Though he decries the "relative ghettoization of non-paper technologies" at BEA, Brian Heater of PCMag says, "Let there be no doubt, the publishing industry is alive and well," noting the booming attendance at this year's conference. Scott McLemee pretty much agrees after returning from visiting another embattled faction at the BEA—university presses.
What do thieves who prowl bookstore aisles like to heist? In the US it has long been standard protocol to stash Beat writers, Charles Bukowski, and, of course, Abbie Hoffman's Steal This Book behind the counter, but what about in the UK, where Morrissey once sang "Shoplifters of the World Unite" (then later disavowed the practice)?
Mark English's illustration for John Cheever's "The Geometry of Love."
From the archives of American angst: The Saturday Evening Post has digitized and posted the 1966 John Cheever story "The Geometry of Love." Though the story appears in Cheever's Collected Stories, it is edifying to see a story by "the suburban squire" presented in its original context—a vividly illustrated Post spread, with its eyebrow-raising tag line: "How convenient to reduce your marital difficulties to a mathematical formula! How convenient—and how dangerous!" Though the Post jumped at the chance to publish the story, it was only after the New Yorker passed on it, with New Yorker editor William Maxwell viewing it as definitive proof that Cheever was in decline due to drinking. As Cheever ruefully wrote: "[Bill] looked at me sadly, patted me gently, said that the story was a ghastly failure and implied that I had lost my marbles."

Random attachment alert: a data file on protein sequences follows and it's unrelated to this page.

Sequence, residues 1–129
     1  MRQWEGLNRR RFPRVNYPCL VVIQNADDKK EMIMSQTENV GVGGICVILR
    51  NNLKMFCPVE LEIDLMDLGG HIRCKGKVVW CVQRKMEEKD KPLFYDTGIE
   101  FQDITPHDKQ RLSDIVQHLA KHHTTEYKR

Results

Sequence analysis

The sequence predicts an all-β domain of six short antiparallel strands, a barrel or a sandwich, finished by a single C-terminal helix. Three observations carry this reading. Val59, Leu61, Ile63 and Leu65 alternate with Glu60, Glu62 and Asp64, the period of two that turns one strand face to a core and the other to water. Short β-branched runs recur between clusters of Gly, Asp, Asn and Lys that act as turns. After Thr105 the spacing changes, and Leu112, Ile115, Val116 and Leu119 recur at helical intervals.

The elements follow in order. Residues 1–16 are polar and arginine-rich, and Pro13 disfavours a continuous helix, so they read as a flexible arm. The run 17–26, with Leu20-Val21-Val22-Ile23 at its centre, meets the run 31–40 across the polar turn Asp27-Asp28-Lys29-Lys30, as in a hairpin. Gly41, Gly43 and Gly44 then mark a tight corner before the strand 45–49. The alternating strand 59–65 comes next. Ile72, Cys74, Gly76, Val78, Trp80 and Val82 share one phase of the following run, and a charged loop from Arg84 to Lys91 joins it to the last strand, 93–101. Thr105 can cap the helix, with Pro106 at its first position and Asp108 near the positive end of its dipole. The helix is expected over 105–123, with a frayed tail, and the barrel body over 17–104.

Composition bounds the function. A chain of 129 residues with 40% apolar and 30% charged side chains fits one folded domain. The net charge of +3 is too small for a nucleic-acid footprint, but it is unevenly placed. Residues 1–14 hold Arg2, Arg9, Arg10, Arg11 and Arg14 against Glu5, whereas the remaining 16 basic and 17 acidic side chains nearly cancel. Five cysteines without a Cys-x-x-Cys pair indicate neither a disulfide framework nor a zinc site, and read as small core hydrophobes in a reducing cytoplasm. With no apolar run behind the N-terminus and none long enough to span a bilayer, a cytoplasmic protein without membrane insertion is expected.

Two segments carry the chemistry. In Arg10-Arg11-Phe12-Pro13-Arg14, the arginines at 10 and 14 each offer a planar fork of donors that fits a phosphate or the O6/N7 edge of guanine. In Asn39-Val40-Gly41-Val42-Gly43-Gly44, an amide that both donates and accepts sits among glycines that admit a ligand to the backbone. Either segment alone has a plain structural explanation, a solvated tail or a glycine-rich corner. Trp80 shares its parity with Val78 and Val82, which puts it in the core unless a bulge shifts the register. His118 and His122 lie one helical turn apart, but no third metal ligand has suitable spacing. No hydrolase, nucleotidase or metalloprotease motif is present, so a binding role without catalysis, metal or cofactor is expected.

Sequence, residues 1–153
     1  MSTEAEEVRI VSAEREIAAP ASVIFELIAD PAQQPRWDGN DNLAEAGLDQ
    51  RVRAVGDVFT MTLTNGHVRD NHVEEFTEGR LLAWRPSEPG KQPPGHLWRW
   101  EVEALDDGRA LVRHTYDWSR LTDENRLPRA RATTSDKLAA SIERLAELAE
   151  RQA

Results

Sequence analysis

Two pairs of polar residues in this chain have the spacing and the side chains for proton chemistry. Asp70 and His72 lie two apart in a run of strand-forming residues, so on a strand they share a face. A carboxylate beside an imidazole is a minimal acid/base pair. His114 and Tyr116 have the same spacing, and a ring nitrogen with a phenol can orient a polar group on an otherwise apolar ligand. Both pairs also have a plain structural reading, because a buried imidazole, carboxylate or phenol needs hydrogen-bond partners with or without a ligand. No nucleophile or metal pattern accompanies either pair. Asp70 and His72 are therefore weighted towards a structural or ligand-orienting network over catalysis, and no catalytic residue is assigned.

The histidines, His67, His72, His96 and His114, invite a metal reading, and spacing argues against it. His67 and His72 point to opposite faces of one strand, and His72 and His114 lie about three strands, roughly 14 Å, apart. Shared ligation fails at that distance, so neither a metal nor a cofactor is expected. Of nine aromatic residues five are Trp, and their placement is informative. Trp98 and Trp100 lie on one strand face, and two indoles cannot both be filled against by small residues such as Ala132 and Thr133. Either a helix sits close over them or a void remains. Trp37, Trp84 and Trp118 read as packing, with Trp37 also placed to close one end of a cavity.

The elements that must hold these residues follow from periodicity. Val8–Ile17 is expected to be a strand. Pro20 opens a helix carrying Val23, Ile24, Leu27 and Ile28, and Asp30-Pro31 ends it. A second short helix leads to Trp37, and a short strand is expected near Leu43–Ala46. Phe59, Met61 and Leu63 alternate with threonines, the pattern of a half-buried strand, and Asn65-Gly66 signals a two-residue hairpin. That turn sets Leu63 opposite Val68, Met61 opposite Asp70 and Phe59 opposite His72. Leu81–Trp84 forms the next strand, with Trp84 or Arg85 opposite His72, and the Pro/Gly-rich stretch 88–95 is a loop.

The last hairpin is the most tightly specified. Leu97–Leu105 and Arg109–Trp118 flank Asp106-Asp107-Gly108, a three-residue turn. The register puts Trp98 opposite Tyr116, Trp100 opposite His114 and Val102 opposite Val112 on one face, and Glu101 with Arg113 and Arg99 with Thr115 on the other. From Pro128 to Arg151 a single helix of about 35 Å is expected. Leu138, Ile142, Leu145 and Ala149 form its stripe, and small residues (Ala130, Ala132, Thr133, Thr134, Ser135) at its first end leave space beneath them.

Bret Easton Ellis wonders why there hasn't been a female Hithcock, Scorsese, or Spielberg, and posits a preposterous answer: that men are "aroused by looking, whereas I don't think women respond that way to films, just because of how they're built."
In an inaugural post on the Paris Review's new Daily blog, editor Lorin Stein writes "if the Review embodies a sensibility, this Daily will try, in a casual and haphazard and at times possibly frivolous way, to put that sensibility into words."
Walter Percy was never able to match The Moviegoer, instead penning the loopy Lost in the Cosmos, which is, as Tom Bartlett writes, "honestly great, or possibly terrible, depending on your level of patience for Percy's stew of literary high jinks," Ralph Ellison never published a follow-up to Invisible Man, though this year saw the posthumous publication of his unfinished second novel Three Days Before the Shooting . . . and don't ever ask Harper Lee about To Kill a Mockingbird.